An Azure managed disk is a virtual hard disk (VHD). You can think of it like a physical disk in an on-premises server but virtualized. Azure-managed disks are stored as page blobs, which are a random IO storage object in Azure. We call a managed disk ‘managed’ because it is an abstraction over page blobs, blob containers, and Azure storage accounts. With managed disks, all you have to do is provision the disk, and Azure takes care of the rest.
And each service is accessed through a storage account.
What about Storage Accounts?
Storage accounts come in various different flavors.
|Type of storage account||Supported storage services||Redundancy options||Usage|
|Standard general-purpose v2||Blob (including Data Lake Storage1), Queue, and Table storage, Azure Files||LRS/GRS/RA-GRS|
|Standard storage account type for blobs, file shares, queues, and tables. Recommended for most scenarios using Azure Storage. Note that if you want support for NFS file shares in Azure Files, use the premium file shares account type.|
|Premium block blobs3||Blob storage (including Data Lake Storage1)||LRS|
|Premium storage account type for block blobs and append blobs. Recommended for scenarios with high transactions rates, or scenarios that use smaller objects or require consistently low storage latency. Learn more about example workloads.|
|Premium file shares3||Azure Files||LRS|
|Premium storage account type for file shares only. Recommended for enterprise or high-performance scale applications. Use this account type if you want a storage account that supports both SMB and NFS file shares.|
|Premium page blobs3||Page blobs only||LRS||Premium storage account type for page blobs only. Learn more about page blobs and sample use cases.|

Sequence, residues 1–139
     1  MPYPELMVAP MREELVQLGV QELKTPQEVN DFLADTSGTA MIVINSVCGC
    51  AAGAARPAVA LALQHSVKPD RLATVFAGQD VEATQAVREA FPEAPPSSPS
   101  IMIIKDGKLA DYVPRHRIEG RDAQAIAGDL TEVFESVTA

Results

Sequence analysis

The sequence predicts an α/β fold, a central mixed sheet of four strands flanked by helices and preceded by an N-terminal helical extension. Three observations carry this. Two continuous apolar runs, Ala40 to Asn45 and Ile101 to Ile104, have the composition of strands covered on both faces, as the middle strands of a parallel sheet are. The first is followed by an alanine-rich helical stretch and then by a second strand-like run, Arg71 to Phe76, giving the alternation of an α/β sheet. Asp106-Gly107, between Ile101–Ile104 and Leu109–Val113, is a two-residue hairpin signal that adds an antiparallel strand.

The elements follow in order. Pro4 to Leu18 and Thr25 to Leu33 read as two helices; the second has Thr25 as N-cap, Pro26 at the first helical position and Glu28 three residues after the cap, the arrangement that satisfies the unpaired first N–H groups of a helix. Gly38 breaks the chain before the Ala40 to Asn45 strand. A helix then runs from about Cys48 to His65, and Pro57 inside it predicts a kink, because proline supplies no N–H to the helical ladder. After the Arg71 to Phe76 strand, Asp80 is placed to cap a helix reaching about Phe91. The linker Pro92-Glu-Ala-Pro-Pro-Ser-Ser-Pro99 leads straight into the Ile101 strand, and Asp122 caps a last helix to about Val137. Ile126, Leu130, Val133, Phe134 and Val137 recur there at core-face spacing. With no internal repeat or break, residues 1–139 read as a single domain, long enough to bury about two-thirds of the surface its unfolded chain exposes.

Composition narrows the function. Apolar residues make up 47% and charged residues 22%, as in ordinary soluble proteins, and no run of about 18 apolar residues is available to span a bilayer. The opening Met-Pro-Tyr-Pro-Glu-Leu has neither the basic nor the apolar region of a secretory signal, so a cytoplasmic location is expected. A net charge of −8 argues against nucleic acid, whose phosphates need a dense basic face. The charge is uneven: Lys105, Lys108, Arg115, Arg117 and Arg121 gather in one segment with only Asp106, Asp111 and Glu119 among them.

Data Lake Storage is a set of capabilities dedicated to big data analytics, built on Azure Blob storage. For more information, see Introduction to Data Lake Storage Gen2 and Create a storage account to use with Data Lake Storage Gen2.
2 Zone-redundant storage (ZRS) and geo-zone-redundant storage (GZRS/RA-GZRS) are available only for standard general-purpose v2, premium block blobs, and premium file shares accounts in certain regions. For more information, see Azure Storage redundancy.
3 Premium performance storage accounts use solid-state drives (SSDs) for low latency and high throughput.
You cannot change a storage account to a different type after it is created. To move your data to a storage account of a different type, you must create a new account and copy the data to the new account.
Shared access signatures (SAS)
There are two SAS keys in a storage account. This is for usability reasons, of you need to rotate the other key, the other one still works and your service don’t get downtime.
A shared access signature (SAS) is a URI that grants restricted access rights to Azure Storage resources. You can provide a shared access signature to clients who should not be trusted with your storage account key but whom you wish to delegate access to certain storage account resources. By distributing a shared access signature URI to these clients, you grant them access to a resource for a specified period of time.An account-level SAS can delegate access to multiple storage services (i.e. blob, file, queue, table). Note that stored access policies are currently not supported for an account-level SAS.